2. When simultaneous briefs are filed by the parties, a reply brief will be filed by the respondent in virtually all cases. The attorney cannot assume that merely because respondent’s requested findings and arguments are contrary to or incompatible with petitioner’s requested findings and arguments, respondent’s original brief has answered the petitioner’s brief. The inconsistencies between petitioner’s and respondent’s requested findings and arguments should be specifically handled in the reply brief. The reply brief should also make clear to the court that respondent is not abandoning or conceding any issues. This can be done in two ways: by addressing each issue in the reply brief or by including a disclaimer. The disclaimer should state, for example, that failure to address issues covered in the opening brief does not constitute a concession or abandonment of those issues, that the reply brief is confined to matters not previously discussed or requiring clarification, and that the opening brief adequately covers the relevant factual and legal arguments for the issues not discussed.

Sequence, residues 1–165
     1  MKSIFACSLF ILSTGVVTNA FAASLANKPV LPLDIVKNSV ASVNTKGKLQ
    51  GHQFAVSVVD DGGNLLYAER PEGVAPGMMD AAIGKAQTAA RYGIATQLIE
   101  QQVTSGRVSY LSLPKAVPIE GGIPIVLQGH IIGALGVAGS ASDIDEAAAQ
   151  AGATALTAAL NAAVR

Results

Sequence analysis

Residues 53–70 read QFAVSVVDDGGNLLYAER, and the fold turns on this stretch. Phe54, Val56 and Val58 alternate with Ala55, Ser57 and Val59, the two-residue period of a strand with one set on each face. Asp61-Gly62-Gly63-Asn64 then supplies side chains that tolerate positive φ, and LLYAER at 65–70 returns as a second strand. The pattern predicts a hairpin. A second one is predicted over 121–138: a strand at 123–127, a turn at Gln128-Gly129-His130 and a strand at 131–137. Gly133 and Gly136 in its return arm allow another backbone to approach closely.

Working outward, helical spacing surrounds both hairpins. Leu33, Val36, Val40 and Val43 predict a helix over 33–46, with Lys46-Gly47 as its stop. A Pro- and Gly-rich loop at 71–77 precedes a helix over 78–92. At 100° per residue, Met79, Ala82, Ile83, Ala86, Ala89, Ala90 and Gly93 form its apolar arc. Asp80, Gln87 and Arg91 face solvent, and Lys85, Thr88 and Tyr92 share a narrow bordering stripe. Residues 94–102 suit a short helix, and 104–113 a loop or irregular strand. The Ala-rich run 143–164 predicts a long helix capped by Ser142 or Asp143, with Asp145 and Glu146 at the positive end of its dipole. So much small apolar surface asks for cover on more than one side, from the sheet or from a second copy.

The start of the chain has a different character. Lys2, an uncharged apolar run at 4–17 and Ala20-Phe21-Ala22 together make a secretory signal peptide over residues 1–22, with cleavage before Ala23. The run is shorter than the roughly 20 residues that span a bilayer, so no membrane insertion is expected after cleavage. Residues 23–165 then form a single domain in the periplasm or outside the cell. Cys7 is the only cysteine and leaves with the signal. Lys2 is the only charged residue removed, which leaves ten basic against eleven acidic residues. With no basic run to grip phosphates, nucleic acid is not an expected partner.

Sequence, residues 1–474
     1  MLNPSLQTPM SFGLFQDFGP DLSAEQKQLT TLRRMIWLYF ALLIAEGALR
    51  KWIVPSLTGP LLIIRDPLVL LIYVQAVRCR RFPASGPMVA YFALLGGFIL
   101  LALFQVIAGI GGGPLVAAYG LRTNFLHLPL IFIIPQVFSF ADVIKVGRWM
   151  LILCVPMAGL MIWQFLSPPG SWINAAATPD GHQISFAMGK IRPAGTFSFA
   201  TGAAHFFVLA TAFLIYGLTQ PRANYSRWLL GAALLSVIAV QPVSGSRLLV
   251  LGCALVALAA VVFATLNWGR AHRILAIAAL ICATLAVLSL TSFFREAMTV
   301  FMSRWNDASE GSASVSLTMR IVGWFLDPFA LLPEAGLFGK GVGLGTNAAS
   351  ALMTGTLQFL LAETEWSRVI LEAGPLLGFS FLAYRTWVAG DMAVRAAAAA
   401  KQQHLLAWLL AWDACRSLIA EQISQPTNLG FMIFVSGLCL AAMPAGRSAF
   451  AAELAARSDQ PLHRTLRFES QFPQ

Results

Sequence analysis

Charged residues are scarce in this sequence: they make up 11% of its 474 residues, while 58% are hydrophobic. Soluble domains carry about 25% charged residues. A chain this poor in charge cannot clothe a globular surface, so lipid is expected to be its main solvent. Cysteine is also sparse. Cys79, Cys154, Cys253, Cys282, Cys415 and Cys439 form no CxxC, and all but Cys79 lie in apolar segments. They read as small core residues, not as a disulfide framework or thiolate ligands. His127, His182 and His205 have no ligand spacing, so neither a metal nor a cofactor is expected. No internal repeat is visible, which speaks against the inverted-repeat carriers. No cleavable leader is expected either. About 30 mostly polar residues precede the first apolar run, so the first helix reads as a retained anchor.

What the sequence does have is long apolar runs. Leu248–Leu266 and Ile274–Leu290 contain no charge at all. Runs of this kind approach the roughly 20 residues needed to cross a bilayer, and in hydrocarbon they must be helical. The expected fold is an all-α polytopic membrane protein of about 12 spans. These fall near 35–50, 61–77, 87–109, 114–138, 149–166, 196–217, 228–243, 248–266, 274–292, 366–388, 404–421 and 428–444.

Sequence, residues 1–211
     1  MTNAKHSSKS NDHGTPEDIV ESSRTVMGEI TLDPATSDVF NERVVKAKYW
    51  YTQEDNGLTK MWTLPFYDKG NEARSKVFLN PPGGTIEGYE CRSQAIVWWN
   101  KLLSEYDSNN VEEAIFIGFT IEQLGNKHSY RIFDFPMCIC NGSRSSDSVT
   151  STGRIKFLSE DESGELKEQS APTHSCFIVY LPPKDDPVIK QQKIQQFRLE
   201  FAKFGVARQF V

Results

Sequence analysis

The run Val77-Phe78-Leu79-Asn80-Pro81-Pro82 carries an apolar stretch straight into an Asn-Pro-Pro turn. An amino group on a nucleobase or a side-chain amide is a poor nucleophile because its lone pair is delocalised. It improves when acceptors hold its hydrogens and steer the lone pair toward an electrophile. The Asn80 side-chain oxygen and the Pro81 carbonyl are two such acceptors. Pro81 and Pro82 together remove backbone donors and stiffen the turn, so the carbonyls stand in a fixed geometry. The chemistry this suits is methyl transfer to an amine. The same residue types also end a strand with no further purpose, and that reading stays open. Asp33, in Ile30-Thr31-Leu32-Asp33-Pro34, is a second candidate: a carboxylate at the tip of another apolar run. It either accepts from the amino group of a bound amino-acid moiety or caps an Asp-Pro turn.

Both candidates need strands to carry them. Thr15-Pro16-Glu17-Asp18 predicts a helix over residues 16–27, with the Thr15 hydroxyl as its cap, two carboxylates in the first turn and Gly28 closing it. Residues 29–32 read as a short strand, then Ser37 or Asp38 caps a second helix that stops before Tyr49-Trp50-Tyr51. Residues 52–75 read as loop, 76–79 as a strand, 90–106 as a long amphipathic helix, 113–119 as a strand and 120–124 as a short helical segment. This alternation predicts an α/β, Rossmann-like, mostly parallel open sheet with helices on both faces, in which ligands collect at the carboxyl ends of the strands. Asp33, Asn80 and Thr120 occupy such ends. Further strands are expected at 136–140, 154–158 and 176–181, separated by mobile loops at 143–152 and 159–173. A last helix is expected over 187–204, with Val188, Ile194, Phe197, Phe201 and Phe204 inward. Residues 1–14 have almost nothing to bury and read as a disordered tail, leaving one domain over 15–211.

3. While the general rule is that reply briefs should be filed in all cases in which simultaneous original briefs are filed by the parties, there are instances in which a reply brief is not necessary. These exceptions will be rare, and any doubt should be resolved by Field Counsel in favor of filing a reply brief. No specific guidelines can be laid down which will be applicable in all cases. A reply brief certainly should be filed in instances in which the parties are not in accord in their requested findings of fact. In this instance the court should be advised as to those requested findings of the petitioner with which we are in accord and as to those requested findings with which we are not in accord. The reasons for the disagreement should be stated. A reply brief should also be filed in instances in which petitioner’s arguments are based upon points, facts, statutory provisions, or case law which have not been fully and completely covered in respondent’s original brief. This is a troublesome area, and while respondent’s original brief may have included to some extent an argument dealt with more fully in petitioner’s brief, it is often necessary, or at least desirable, to enlarge upon such arguments, without unnecessary duplication, in a reply brief. It should never be assumed that petitioner’s argument is facetious or lacks substance; such factor should be respectfully and in a proper manner pointed out to the court in a reply brief. Furthermore, it must be kept in mind that some judges of the court specifically require the filing by the parties of reply briefs; these requirements must be strictly complied with in all instances. There are other judges who do not specifically request the parties to file a reply brief. Judges may, however, give consideration to the failure of one party or the other to reply to the opponent’s requested findings of fact and arguments.